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Monday, July 6, 2015

The Sound Of Music (1965)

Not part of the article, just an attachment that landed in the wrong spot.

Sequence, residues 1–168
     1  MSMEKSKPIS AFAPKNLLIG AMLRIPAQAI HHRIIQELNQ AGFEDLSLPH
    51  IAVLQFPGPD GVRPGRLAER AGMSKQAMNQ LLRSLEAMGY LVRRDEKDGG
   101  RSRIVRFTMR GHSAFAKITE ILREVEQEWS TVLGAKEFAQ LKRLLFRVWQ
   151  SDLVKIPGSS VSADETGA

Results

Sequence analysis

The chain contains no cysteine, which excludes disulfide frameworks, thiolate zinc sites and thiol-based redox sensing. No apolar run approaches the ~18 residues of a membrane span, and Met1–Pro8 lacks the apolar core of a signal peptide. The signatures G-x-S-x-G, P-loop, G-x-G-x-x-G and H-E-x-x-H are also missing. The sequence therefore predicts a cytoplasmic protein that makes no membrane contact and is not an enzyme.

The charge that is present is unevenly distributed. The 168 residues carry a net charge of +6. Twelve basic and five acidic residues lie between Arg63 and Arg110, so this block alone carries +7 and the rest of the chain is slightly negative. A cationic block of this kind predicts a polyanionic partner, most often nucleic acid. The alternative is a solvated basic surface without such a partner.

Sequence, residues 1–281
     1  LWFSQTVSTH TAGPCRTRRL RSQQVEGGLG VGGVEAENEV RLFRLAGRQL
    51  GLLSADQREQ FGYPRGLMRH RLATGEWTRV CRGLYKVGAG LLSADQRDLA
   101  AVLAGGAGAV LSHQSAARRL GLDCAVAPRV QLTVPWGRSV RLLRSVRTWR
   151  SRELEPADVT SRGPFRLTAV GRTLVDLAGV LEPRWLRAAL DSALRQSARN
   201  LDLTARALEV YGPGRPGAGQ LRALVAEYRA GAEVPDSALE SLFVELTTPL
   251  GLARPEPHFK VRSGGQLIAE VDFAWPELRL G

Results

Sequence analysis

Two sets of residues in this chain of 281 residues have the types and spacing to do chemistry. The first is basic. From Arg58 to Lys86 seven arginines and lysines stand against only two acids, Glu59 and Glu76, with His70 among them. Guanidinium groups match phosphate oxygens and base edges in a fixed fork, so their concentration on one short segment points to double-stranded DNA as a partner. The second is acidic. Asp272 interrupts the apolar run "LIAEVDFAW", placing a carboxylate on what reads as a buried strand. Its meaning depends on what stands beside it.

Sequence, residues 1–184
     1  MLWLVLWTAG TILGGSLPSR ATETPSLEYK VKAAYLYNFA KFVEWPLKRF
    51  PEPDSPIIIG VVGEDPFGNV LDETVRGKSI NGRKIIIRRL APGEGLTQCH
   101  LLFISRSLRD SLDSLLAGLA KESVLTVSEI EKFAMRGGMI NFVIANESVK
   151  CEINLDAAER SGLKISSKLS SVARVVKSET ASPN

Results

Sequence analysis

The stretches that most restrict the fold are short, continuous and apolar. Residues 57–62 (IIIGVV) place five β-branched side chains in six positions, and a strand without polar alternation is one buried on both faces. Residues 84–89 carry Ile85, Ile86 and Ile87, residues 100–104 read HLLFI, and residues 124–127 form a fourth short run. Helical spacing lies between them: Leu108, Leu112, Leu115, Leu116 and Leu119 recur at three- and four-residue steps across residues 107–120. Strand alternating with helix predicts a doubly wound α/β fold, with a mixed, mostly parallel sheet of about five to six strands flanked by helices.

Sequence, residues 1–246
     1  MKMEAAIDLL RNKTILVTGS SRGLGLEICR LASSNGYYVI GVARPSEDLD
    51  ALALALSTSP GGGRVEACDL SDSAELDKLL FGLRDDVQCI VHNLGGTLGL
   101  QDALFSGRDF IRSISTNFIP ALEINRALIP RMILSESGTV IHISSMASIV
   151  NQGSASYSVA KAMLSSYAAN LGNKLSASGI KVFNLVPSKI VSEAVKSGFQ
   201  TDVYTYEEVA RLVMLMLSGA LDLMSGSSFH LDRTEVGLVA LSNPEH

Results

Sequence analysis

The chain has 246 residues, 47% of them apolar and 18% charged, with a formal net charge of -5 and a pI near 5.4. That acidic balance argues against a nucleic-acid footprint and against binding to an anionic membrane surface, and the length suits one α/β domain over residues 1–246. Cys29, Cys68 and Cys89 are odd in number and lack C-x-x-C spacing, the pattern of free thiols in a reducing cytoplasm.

A young postulant (Julie Andrews) has trouble adjusting to life in a convent. The Abbess (Peggy Wood) of the nunnery suggests she try life outside the abbey for awhile. To this end, the girl is sent to work as a governess to the seven children of a widowed sea captain (Christoper Plummer). One of the highest grossing and most popular films in movie history, THE SOUND OF MUSIC receives much hate as sentimental twaddle. Well, if this be twaddle, give me more of it! Sentimental? Well, yes. Manipulative? Most certainly. Hopelessly optimistic? Perhaps. But when it's done with such skill (both in front and behind of the camera), those irresistible Rodgers and Hammerstein songs, the breathtaking Salzburg locations and the great Julie Andrews at the center of it all, this is simply one of the most enjoyable movie musicals ever made. So sue me! The screenwriter Ernest Lehman and the director Robert Wise had removed much of the treacle of the 1959 Broadway show and with Plummer's acidic performance and Andrews' spunk and grit, it avoids the pitfalls of what could have been. Kudos to Irwin Kostal whose orchestrations and arrangements of the R&H score shimmers. With Eleanor Parker, who brings a pathos to her "other woman" when a lesser actress might have played her as a bitch. Also Richard Haydn, Charmian Carr, Norma Varden and Anna Lee. 

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